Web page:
# hence expression

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```2GM
v 2 GM
is

 c , then show that v02 
R
2
y
constant and hence can be the value of the constant of integration in the
expression you come up with when you do the integration. Or, take the derivative
of the second expression and show that you get the first expression (without
integral signs).
2. Given an expression for position (which you are), velocity is its derivative and
acceleration is its second derivative. Hence,
a(t )  x ''(t )  6t  12
a. v(t )  x '(t )  3t 2  12t  9
b. Movement to the right means a positive velocity (velocity is a vector,
remember?), so we want to know when v(t) &gt; 0.
v(t )  0  t  1 or t  3 . Try specific values of v in the ranges (0,1),
(1,3), and (3,5):
v (0)  9
v (2)  3
v (4)  9
Hence, the particle is moving to the right on [0,1) and (3,5]
c. a(t )  0  t  2 and v(2) = -3
3. This is tricky and requires either two steps or looking at the concept of area from
a different perspective. If  f ( x)dx is the area between a curve and the x-axis,
1. Integrate the first equation to find
then you might suspect that we can integrate with respect to dy to get the area
between the curve and the y-axis. Draw in some rectangles perpendicular to the
y-axis if you don’t see this. If you do see it, then you need to realize that if the
base of each rectangle is dy the height of each rectangle is the distance between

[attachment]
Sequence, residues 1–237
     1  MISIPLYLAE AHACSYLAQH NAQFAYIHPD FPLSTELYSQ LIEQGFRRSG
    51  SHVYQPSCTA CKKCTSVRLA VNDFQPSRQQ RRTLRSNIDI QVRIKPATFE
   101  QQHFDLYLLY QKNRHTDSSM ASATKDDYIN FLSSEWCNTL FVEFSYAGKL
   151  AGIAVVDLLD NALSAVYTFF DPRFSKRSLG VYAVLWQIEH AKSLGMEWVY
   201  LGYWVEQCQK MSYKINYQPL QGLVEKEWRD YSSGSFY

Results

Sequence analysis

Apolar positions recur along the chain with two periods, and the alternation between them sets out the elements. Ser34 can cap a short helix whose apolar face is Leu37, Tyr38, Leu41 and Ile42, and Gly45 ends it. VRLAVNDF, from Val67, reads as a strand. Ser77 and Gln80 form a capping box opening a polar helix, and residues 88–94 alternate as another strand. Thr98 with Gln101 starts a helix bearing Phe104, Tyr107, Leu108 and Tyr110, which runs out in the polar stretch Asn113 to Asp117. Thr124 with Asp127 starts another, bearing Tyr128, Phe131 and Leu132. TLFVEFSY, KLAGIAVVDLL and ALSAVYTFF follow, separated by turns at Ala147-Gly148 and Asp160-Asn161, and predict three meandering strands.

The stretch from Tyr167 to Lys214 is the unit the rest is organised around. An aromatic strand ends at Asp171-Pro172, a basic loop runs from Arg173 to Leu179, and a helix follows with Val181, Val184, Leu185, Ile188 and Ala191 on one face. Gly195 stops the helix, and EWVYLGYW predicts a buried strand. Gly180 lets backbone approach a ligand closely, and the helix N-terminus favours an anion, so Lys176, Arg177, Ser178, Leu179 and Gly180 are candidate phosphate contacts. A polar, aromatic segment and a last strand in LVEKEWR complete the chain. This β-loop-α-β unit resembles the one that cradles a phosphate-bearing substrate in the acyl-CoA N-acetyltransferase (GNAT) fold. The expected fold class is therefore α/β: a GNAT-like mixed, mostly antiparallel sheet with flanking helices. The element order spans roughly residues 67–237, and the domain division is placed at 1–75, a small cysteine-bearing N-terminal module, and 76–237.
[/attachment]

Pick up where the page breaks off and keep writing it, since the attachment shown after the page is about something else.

the curve and the y-axis , and that distance is simply x . So, we want the sum of
all those rectangles of area x dy. But that’s just  xdy . Two keys here that you
should recall from substitution: the limits of integration and the function to be
integrated both have to be expressed in terms of the variable with respect to which
we’re integrating, in this case y. So, our limits of integration in terms of y are 0
and 4, and our integral becomes  xdy   ydy . In other words, the expression
we want is

4
0
1
y 2 dy . That expression equals 16 3 .
The other way to look at it is to draw the diagram and realize that the area we
want is the area of the rectangle formed by the interval on the x-axis [0,2] and the
interval on the y-axis [0.4] minus the area between the curve and the x-axis.
2
That expression is 8   x 2dx  8  8
3
0
which, conveniently, is also 16 . Isn’t math wonderful??
3
4. The definition of an odd function is that f(-x) = -f(x). Hence, the part of f for
which x &lt; 0 is simply the negative of the value of f when x&gt;0. We know in
general that the integral over a domain is the sum of the integrals over any two

contiguous subdomains—i.e., that
b
c
b
a
c
g ( x)dx   g ( x)dx   g ( x)dx provided that
a
a &lt; c &lt; b. (Draw the situation for some function g(x) if you don’t see why this is
true. So,

a
a
0
a
a
0
0
f ( x)dx   f ( x)dx   f ( x)dx . But from the definition of an odd
function, we know that

a
a
f ( x)dx   f ( x) .
0
a
a
a
a
0
0
Hence  f ( x)dx   f ( x)dx   f ( x)dx  0
5. Use u  1  x 2 as a substitution to get  1 1  x 2  2  C
3
6. First, show that the curve is positive over the given domain, perhaps by showing
that its derivative is never zero on that interval. Then,
3
area =


0


0
(2sin x  sin 2 x)dx
(2sin x  sin 2 x) dx 

1
2cos x  cos 2 x 
2
0
1
1 

2(1)  (1)   2 1  1 
2
2 

1
1
2 2  4
2
2
```